When I worked in government I had a great team. I’m not shy about saying it. We worked well together, we achieved some amazing things and we were recognised as being pretty good at what we did. So I wanted to share with you some of the elements that I think create a great team.
When you spend more hours in the day at work than with family or friends it is important to have a team that you feel supported by, who get on well and achieves outcomes.
As a Manager, I was always so impressed by my team and enjoyed working with them. Sure there were ups and downs, fights and drama at times but generally everyone got on pretty well. We had a core number of staff that had been in the team for 4, 5, 6 years and a number that had come and gone but remained one of our “family”.
So, what made our team great? Here is what I think worked from a managers perspective. I would love to hear your tips or ideas as well.
The right mix of skills, experience and attitude
You need to right mix of people. This seems really obvious, but it is actually really hard to get right. You need some great skilled, experienced people that can be your leadership team, who are able to hold a common management philosophy and lead the behaviour and attitude on the floor every day. You need some more junior staff that you can mentor and train to move up the ranks. For these staff you are looking for the right attitude. Do they want to learn? Do they want to work hard?
I wrote about recruitment a few weeks ago, picking the right people who are the right fit for your culture, environment and team is so important. It is not about picking clones of yourself but getting the right people who will complement each other.
Create a team culture
Building cohesiveness and a sense of “team” is a vital ingredient. Making everyone feel like they are contributing, they are a part of the team and have a role to play in the bigger picture is really important. As the manager, this is on you. Setting clear direction, demonstrating the quality of work you expect and the right attitude is your job. Then you need to bring everyone along with you. If you expect your people to work long hours then you need to be right there with them, you need to say thank you and congratulations regularly, you need to ask for help when you need it. If this is what you want your team to do, then live the culture you want to see.
Invest in your people
Regardless of the level, you need to invest in your people. This doesn’t always have to mean formal training, it could mean time. Training, conferences and post-grad studies are great but I found what was more important was giving my staff time. Giving staff a day to work from home, a week to work on a strategy or permission to try something new was just as important in my busy team as going away to a conference.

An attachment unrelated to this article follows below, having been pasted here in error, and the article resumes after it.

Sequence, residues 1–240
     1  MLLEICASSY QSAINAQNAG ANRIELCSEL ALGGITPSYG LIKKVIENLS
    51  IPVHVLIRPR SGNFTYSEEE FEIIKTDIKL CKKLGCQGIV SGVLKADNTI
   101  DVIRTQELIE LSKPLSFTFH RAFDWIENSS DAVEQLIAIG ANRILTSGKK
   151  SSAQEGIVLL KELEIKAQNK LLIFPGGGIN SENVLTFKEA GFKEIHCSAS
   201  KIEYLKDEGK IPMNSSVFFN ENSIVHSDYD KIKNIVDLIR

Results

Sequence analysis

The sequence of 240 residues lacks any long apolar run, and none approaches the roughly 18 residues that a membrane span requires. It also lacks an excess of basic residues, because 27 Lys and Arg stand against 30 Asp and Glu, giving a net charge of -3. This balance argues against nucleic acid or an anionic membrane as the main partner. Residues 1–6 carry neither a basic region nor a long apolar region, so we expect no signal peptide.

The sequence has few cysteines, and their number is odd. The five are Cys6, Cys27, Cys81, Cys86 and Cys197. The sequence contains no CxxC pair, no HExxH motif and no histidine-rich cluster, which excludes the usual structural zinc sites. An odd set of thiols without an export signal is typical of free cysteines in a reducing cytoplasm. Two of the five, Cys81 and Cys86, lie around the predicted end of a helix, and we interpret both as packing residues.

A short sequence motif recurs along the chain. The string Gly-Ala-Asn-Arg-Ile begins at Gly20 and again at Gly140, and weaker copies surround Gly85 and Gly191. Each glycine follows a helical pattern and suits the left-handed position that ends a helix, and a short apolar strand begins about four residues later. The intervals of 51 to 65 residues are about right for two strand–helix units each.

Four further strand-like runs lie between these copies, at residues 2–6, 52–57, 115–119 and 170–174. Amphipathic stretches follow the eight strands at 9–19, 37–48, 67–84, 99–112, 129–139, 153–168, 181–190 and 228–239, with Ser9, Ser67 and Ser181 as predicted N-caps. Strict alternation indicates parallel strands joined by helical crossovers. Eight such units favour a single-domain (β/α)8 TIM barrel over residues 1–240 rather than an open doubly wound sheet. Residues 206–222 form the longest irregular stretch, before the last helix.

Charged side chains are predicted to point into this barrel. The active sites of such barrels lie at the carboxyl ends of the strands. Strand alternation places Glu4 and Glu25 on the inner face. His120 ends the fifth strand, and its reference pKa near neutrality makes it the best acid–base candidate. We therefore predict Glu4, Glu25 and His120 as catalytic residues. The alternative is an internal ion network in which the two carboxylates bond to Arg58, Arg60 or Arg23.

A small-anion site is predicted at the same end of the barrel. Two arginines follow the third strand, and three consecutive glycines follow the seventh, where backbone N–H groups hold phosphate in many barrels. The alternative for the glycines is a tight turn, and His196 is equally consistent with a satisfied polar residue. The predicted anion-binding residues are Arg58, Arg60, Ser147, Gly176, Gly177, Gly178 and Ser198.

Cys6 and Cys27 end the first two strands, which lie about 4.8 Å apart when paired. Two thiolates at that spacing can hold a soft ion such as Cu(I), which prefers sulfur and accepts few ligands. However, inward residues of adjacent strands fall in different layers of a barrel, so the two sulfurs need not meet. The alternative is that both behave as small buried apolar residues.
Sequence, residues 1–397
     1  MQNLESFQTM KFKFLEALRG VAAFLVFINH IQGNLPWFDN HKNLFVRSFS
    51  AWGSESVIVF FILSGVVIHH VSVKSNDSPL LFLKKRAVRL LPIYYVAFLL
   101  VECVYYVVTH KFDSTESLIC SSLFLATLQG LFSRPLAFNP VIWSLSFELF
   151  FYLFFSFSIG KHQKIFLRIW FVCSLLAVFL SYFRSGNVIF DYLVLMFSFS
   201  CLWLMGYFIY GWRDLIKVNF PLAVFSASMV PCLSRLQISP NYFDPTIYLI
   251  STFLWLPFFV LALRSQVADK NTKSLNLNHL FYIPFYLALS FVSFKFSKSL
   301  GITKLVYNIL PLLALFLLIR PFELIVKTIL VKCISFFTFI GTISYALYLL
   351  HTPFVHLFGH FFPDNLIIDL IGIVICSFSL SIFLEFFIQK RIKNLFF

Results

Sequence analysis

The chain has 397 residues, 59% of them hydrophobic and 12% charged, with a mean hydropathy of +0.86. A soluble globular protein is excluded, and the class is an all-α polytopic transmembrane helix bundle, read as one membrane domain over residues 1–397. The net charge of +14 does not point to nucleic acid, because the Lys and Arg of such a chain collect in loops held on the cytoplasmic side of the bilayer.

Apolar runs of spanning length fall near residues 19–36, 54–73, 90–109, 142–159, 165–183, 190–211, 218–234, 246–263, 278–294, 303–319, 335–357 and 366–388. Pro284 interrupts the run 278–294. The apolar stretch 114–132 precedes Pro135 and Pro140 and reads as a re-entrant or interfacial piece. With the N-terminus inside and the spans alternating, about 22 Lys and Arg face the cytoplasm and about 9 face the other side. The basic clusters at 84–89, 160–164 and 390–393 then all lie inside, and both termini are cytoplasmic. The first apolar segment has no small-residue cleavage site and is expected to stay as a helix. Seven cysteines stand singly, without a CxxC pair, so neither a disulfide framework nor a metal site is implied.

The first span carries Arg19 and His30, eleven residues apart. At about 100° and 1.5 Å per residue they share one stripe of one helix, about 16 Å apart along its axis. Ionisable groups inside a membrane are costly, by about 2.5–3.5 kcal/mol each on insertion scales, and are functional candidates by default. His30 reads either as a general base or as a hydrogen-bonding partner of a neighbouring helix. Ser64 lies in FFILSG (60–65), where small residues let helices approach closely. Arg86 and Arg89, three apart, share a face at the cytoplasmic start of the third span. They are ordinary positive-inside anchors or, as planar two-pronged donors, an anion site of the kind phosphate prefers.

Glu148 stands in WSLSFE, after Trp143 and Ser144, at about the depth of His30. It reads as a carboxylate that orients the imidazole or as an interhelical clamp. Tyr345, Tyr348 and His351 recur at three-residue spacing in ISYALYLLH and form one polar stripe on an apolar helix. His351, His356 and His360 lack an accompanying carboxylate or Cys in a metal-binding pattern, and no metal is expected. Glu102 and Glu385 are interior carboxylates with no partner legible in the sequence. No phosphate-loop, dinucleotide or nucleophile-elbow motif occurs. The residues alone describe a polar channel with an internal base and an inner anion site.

Even more important is giving people your time. An hour to talk something through, a brainstorming session or just an ear to listen. Regardless of how busy I was, I met with all of my direct reports once a week, and my other staff every few months. They knew (I hope) that if they needed me I would make the time. They were as important to me as any Executive. This can be a big investment, but the results are worth it.
Create a collaborative environment, not a competitive one
I have worked in teams where we were encouraged to compete against each other. I guess that is one leadership strategy. Making people want to be better by beating someone else but it was never my approach. I wanted my team to work together, pitch in when someone else needed help, be a team not individuals. I think this meant we worked well together and everyone had each other’s back. No matter what was happening I think we all knew the rest of the team would be there to support us.
Always keep focused on the outcome
Quite often when we had something big to deliver we would have a “war room” first thing in the morning, an old school version of an agile scrum. We would get together around a whiteboard and talk about the project or event, who was doing what, by when. We were all on the same page, we knew who needed help and kept reflecting back on the outcome we were seeking to achieve. Knowing that we were all working towards a common goal helped bring us together, even when we were still there at midnight.
Take time out to celebrate success and spend time together as a team
I think the best thing we did each year was a team trip to Floriade. It wasn’t about everyone getting an early mark but about being able to spend time together in the sun, over a picnic regardless of what was happening in the office. We stepped away and just enjoyed each other’s company. We did this often, when we delivered something big or had a major milestone. We stopped and had a cake, or wine, or lunch (basically something food related). This allowed the team to relax and get to know each other on a personal level, it meant we were friends not just colleagues and it created a comradery that lasted back into office. Regardless of how busy we were we celebrated life milestones, birthdays and successes. It was an important part of who we were.
Some of my ex-colleagues will be reading this and know what I am talking about. They may even have other reasons why we were a great together (share below!). Regardless, it was our ability to function as a team that allowed us to deliver over and over and over again. I think it was the best team I have ever worked in (if I do say so myself) and I will forever be proud to have been a part of it. Building a great team takes time, it takes energy and patience, but it can also be the most rewarding part of being a manager.
Did you read this article wistfully? Has your team lost its groove? Need to find your purpose and direction? Give Elm Communications a call. I can help you to get a fresh perspective on how you are implementing communications in your organisation and how your team can work better together.